The Next Great Netflix Miniseries Should be Bonfire of the Vanities

Abe Beame wants justice for the bungled 1990 adaptation of Tom Wolfe's debut novel.
By    March 26, 2020

Please support Passion of the Weiss by subscribing to our Patreon.

Abe Beame is currently in the beginning stages of writing the screenplay for a Dipset biopic.

In 1987, Tom Wolfe, the greatest culture writer of his generation, released his first work of fiction. The Bonfire of the Vanities was a thick but addictive work giving its readers a panoramic, striated cross-section of New York society. No one walked away unsullied under Wolfe’s intense, withering gaze. The book was a generational, runaway hit. 

In 1990, Warner Brothers spent a year from hell developing the novel into a film, what was to be the event movie of that holiday season. An ascendant Tom Hanks along with Bruce Willis, fresh off his star making turn in Die Hard, freshly minted star Morgan Freeman and an in her prime Melanie Griffith, all filled key roles. The film was under the direction of the great Brian De Palma, taking his career to a new level following the success of The Untouchables. It was a perfect equation on paper. Of course, things didn’t work out exactly as the executives at Warner Brothers had envisioned.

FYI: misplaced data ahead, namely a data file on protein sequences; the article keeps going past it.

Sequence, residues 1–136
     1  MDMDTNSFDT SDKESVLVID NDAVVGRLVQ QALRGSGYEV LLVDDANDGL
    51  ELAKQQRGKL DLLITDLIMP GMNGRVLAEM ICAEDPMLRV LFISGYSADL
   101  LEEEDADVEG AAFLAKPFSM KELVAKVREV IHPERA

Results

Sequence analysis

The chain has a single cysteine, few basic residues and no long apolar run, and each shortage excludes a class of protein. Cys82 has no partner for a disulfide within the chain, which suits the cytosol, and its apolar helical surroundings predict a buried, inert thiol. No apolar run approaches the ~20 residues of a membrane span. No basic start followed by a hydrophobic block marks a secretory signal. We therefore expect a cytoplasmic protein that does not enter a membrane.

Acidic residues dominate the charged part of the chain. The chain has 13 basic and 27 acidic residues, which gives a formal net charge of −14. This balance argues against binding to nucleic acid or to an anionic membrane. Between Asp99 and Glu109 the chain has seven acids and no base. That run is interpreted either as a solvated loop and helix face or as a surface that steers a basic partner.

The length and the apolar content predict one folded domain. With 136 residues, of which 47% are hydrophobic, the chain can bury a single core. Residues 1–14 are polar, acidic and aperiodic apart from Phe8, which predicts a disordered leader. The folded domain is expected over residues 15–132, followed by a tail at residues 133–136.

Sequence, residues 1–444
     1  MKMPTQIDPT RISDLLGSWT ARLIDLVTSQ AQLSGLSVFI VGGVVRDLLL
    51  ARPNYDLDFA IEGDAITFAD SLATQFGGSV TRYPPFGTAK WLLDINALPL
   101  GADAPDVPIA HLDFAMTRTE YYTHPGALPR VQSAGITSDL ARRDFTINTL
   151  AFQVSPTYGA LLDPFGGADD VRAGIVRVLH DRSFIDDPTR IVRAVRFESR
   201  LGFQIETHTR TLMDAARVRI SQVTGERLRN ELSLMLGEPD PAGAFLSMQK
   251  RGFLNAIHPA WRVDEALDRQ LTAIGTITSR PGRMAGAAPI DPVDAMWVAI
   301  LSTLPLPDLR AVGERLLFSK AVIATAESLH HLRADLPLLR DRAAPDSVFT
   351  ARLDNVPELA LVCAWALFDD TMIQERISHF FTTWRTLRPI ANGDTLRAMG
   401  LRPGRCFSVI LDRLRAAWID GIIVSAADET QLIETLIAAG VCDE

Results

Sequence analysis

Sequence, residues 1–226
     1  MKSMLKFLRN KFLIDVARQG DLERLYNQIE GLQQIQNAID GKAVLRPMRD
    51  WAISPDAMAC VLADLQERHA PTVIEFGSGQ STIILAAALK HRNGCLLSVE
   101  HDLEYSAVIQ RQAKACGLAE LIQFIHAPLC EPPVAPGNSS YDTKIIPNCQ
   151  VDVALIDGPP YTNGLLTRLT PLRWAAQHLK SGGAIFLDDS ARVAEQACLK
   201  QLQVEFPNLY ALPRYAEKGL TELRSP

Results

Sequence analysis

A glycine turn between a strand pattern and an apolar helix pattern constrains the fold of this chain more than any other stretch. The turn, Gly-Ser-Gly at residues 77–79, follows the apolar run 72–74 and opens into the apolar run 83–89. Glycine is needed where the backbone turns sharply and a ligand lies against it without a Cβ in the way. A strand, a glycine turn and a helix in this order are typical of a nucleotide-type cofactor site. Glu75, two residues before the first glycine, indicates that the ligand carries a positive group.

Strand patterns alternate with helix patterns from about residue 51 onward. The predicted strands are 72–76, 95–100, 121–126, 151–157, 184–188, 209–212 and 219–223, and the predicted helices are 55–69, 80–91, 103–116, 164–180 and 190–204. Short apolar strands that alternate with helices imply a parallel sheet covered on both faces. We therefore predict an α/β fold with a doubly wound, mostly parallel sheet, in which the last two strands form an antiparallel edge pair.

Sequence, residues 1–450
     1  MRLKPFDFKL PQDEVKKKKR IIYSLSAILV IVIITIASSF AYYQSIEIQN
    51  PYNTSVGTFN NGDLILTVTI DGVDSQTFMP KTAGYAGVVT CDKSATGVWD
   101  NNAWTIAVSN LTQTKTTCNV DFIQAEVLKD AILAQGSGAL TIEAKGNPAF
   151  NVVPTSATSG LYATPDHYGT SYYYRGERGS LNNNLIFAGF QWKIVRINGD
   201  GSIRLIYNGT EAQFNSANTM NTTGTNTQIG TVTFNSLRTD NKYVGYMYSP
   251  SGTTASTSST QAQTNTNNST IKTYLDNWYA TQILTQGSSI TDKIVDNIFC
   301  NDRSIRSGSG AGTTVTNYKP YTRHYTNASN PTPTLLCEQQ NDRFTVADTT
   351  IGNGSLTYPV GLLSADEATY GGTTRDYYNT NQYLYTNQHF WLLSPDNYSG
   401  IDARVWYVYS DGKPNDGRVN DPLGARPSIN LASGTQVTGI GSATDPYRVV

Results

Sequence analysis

In 1991, Julie Salamon released her autopsy: The Devil’s Candy: ‘Bonfire of the Vanities’ Goes to Hollywood. It’s a book as groundbreaking and clear-eyed in its ruthless assessment of late 80s/early 90s Hollywood as Wolfe’s novel was in its assessment of New York. Salamon captured an industry of strivers. Extras who want speaking roles, assistants who want to be producers, cinematographers who want to direct, an entire teeming ecosystem of below the line players jockeying for position. She found Warner Brothers to be a rudderless ship in transition, executives who didn’t understand their source material watching the bottom line as costs ballooned and dictating decisions that affected the storytelling, a director woefully mismatched to his subject, the general hilarious chaos that produced one of the most infamous bombs in the history of modern Hollywood. The book is a meta masterpiece. 

But nearly 30 years since the release of Warner’s Brother’s infamous fiasco it’s time to revisit the book, and perhaps, the film that tarnished its legacy. Sitting at the Carlyle before production went underway on the film adaptation of his novel, Wolfe told Salamon he wasn’t sure how Bonfire could be compressed into a two-hour movie. He envisioned it more as a 9-10 hour film. He didn’t realize it at the time, but what he was laying out was a future in which we could binge his brilliant serialized vision from the comfort of our couches. Here are three ways to tackle it. 

1. Adapt the Book the Right Way This Time